Casey is living the opposite of her best life: rebounding from the death of her mother and a lost love, drowning in debt, working a crap job, and on year six of writer's block. Everything doesn't magically change. But, little by little, you walk with her as she starts to figure it out. Complete with all the twisty self-awareness I've come to love in books with writer protagonists, plus dry humor and difficult choices. You'll root for Casey. You'll also get to reminisce about life in 1997.
Machado’s stories haunt me everywhere I go; they live within the forgotten curses, the subliminal identities, and discarded and “cursed” parts of my body- make no mistake, this is a intoxicatingly empowering sort of haunting, one that makes you feel oh so dizzyingly seen.
After reading this you will never use the phrase “Didn’t I tell you?” again unless the purpose is to make the recipient feel insignificant or less than.
It helped me better understand how it feels to be an old woman, and a young woman, and a couple, and a person.
If Christ’s parables were about shitty college relationships, working in retail, and losing a parent. Sheila Heti’s writing contains so much warmth and light and wisdom that you almost forget she is insanely funny. Manna for nonbelievers.
— Jack K.
Emily St. John Mandel is, first and foremost, a storyteller. She takes opposing narratives with seemingly no relation and skillfully intertwines them with suspense and verve. The Glass Hotel succeeds on an entirely new level from her previous books. It left me mesmerized and craving more.
A little gem of a novel where a gay man gets a happy ending, which, sadly, is still revolutionary, more than 100 years after it was written.
In college, my best friends and I sisterhood-of-the-traveling-pantsed this book. We passed it around, shocked by how perfectly it fit us all, wooed by Heti’s vulnerability. We’ve since purchased our own copies, our notes in the margins all too personal to ever be lendable.
This is a Bonnie and Clyde story on steroids. You follow Kody Rawlee Green and Tella "Teal Cartwheels" Carticelli on their roadtrip through America. There’s double homicide, robberies, and moments of sweet tenderness. There’s Elvis, Graceland, and ranches in Montana. There’s love and all of it’s fragile possibilities. This book reads like a breeze and reminds you that there is beauty in the usual aspects of everyday life.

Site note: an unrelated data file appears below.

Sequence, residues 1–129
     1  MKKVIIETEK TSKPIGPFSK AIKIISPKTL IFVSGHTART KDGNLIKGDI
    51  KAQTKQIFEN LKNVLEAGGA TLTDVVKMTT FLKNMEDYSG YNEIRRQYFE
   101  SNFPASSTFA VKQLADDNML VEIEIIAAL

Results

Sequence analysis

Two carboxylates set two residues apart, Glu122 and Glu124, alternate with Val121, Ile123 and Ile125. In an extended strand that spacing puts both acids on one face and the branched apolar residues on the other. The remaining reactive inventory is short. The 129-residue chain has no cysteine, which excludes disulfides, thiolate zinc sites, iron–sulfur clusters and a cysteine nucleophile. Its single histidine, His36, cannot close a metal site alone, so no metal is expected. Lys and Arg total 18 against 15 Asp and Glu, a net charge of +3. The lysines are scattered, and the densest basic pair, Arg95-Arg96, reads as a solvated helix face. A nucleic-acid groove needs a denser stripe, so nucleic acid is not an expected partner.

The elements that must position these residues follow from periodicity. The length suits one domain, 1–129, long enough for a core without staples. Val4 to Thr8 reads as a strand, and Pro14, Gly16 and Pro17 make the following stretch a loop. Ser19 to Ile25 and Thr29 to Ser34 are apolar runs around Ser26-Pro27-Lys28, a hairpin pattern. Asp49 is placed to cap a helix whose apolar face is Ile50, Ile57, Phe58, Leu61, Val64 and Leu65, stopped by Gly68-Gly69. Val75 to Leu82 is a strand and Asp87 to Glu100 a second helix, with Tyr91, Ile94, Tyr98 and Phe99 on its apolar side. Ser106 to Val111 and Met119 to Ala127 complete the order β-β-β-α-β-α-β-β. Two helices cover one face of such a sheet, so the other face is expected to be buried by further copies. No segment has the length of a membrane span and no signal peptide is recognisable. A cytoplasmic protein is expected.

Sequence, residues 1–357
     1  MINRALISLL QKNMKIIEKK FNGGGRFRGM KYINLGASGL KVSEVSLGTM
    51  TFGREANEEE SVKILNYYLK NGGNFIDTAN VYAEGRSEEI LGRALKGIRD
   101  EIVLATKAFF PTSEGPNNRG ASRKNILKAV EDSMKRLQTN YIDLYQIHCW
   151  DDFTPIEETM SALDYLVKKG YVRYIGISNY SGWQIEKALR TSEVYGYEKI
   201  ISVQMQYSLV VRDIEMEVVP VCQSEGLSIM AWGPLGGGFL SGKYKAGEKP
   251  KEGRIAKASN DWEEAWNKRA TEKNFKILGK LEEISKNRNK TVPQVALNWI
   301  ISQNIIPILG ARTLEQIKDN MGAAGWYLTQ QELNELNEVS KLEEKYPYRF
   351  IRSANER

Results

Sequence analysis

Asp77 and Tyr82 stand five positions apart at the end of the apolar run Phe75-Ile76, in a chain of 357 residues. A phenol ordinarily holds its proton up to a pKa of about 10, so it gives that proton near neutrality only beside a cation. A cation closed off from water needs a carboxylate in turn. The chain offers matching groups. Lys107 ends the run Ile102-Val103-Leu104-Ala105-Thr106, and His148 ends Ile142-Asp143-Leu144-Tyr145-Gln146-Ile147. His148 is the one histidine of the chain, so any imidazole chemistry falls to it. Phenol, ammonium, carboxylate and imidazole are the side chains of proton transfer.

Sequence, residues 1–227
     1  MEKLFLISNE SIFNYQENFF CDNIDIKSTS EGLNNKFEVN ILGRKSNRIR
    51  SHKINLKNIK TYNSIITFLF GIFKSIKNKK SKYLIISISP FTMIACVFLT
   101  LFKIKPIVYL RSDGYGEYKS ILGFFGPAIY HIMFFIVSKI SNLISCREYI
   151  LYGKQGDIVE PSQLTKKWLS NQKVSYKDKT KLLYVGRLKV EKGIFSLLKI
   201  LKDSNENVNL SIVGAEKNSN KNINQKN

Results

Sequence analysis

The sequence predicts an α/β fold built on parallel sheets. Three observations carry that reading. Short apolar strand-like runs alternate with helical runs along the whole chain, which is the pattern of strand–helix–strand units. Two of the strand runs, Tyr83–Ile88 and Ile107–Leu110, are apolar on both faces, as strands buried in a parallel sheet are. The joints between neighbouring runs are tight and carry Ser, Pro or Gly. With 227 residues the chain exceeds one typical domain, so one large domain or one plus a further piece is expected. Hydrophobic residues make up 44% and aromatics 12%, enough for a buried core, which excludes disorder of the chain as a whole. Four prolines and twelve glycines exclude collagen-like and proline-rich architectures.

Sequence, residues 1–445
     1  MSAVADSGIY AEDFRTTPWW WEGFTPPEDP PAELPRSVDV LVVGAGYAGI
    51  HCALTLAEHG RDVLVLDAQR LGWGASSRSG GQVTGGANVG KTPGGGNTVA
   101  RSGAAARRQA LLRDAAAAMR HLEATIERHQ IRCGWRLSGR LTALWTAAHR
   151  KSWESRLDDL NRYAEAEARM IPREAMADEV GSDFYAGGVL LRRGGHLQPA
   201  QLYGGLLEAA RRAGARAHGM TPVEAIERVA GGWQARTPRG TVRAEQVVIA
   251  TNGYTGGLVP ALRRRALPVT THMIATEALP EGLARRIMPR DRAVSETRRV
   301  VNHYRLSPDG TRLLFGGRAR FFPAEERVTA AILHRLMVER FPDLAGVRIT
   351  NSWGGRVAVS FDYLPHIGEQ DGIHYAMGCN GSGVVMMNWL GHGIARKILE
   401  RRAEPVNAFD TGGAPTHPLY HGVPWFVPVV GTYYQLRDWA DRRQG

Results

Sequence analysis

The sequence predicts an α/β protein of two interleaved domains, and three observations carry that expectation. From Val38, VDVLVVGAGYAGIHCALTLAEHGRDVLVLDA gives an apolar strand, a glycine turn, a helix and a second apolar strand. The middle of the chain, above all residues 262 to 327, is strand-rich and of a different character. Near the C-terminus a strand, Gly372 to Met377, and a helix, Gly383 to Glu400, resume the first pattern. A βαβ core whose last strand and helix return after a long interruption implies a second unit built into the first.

When a crush doesn't text back, some of us post way too much on Instagram, or craft strongly worded vague tweets. In Annie Ernaux's case, she wrote an entire book about it. Ernaux's prose is angry, sharp enough to cut glass, yet at the center of this novel is a soft, lonely person who just wants to be loved. Ernaux is one of my favorite writers, and this is an excellent place to start for those just now discovering the absolute gift that is her work.
Trying to graduate through high school is tough. Trying to make it to graduation when your high school is actively trying to kill you is even harder. Throw in a prophecy that basically says you’re going to bring about the death of untold millions and a golden boy who irritatingly won’t stop saving your life, and you’ve got A Deadly Education by Naomi Novik. Perfect for fans of Harry Potter… if Harry Potter were rated PG-13 and told from the perspective of Draco Malfoy.
Is there anything truly gayer than witches coming together to take back their collective power from the ex that screwed them all over while falling in love in the process? For lovers of Practical Magic and Halloweentown, and all things witchy.
It is 2017 and you may well be turning to dystopian fiction in order to better comprehend the present political climate. If so, add Parable of the Sower to your list. The classics of the genre - 1984, Fahrenheit 451, depict life under an authoritarian regime; Parable, two decades old but set roughly two presidential terms from the present, feels eerily predictive of how our communities might respond if society collapses altogether.
Written in 1895, these three interconnected and impressively modern stories are like an itch you can't stop scratching. Like the book within the book - the eponymous 'King in Yellow' which drives mad those who read it - these stories leave ghosts behind them, weird chemtrails in your brain that take on phantasmagoric shapes in the grainy light of recollection. For fans of Poe and Lovecraft, especially if you'd prefer if their syntax were closer to that of Ernest Hemingway.
I typically don't read King's books because they are long and I've found that it may take a while to get into. However this book was captivating from the very first chapters. Children, murder, kidnapping, super powers. This book is super intense but in a good way. It seemed like everything keep getting worse and I wondered how the story could continue to stay engaging but it did. This book has made me more open to reading more of King's books.
The first book in my current, favorite trilogy, Black Sun is one of the most unique worlds I’ve encountered in fantasy fiction. Inspired by a pre-Columbian mythology, Roanhorse’s writing is incredibly creative and her characters are layered and exciting. This is a great read for a newer sci-fi/fantasy reader as well as a seasoned reader who is looking for something that’s not the “same old.”
The Expanse might be my favorite series, both in its book form and its TV incarnation. It's magnificent, and deeply addictive. You don't have to be a space opera fan to fall in love with the intense interplanetary political drama, the brilliant and wild cast of characters, or the high-tension adventure that ensues when humanity discovers an alien substance of tremendous power. The point isn't the aliens who might or might not be out there; the point is what a fractured humanity does with the discovery of this unimaginable and possibly uncontrollable power. Trust me on this one.
I mean it’s right there in the tagline: Lesbian necromancers… exploring a haunted gothic castle… in SPACE. Tamsyn Muir’s kickoff to The Locked Tomb series truly has it all-- grit, gore, and memes. So many memes.